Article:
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Xiang Q. Werdich, Mariya Ali, Bela Anand-Apte; Vascular Endothelial Growth Factor-A Mediates Inflammatory Cell Recruitment in the Cornea. Invest. Ophthalmol. Vis. Sci. 2012;53(14):2399.
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Vascular endothelial growth factor (VEGF)-A-mediated hemangiogenesis has been thought to cross-interact with tissue inflammatory responses. Corneal inflammation and lymphangiogenesis are associated with the termination of the immune-privileged state of the normally avascular cornea. Previous in vitro studies demonstrated that VEGF-A interacts with mononuclear phagocytes (MPs) at an affinity 20 times lower than that with endothelial cells, and is much less effective in stimulating MP chemotaxis. The goal of this study was to investigate corneal inflammatory responses resulting from VEGF-A exposure in vivo.
We measured the VEGF-A mediated recruitment of inflammatory cells in vivo using an established mouse corneal micropocket assay. Slow-release polymer-hydron-containing recombinant VEGF-A micropellets were implanted in adult mouse cornea (total of 100 ng per animal). Corneal tissue was harvested on days 1 to 7 post-VEGF implantation. Immunohistochemical analysis was performed on fresh-frozen corneal sections to demonstrate the recruitment of CD11b+ cells.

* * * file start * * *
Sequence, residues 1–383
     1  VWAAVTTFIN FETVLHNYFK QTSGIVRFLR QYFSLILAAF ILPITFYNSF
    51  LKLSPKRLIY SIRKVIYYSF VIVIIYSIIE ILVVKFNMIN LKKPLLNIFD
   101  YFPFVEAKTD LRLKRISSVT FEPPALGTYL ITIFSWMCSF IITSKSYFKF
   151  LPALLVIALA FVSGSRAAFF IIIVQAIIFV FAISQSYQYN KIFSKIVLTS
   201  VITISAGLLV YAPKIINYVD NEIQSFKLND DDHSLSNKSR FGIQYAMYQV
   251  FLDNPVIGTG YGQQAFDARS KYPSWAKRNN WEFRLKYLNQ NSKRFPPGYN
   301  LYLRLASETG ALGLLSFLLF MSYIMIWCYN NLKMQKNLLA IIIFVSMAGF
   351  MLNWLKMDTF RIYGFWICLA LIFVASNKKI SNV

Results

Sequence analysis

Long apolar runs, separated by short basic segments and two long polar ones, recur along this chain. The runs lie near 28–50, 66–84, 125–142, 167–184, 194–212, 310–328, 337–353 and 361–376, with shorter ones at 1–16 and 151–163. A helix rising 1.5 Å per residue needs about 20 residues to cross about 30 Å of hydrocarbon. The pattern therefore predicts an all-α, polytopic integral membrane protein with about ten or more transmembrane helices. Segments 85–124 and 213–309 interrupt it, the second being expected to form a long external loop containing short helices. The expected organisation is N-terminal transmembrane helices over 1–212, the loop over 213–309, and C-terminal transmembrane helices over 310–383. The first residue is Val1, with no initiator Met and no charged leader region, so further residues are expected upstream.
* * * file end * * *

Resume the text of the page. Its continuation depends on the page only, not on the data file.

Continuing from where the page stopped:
Exposure to 100 ng of recombinant VEGF-A in vivo induced marked corneal angiogenesis by day 7 following implantation. The number of CD11b+ macrophages in corneal stroma was significantly increased as early as 24 hours after implantation, while the influx persisted on day 7 post-implantation. We observed that VEGF-A mediated recruitment of inflammatory cells occurred in the absence of wound-induced corneal inflammation.
Our results indicate that VEGF-A causes tissue inflammation during pathological cornea neovascularization.
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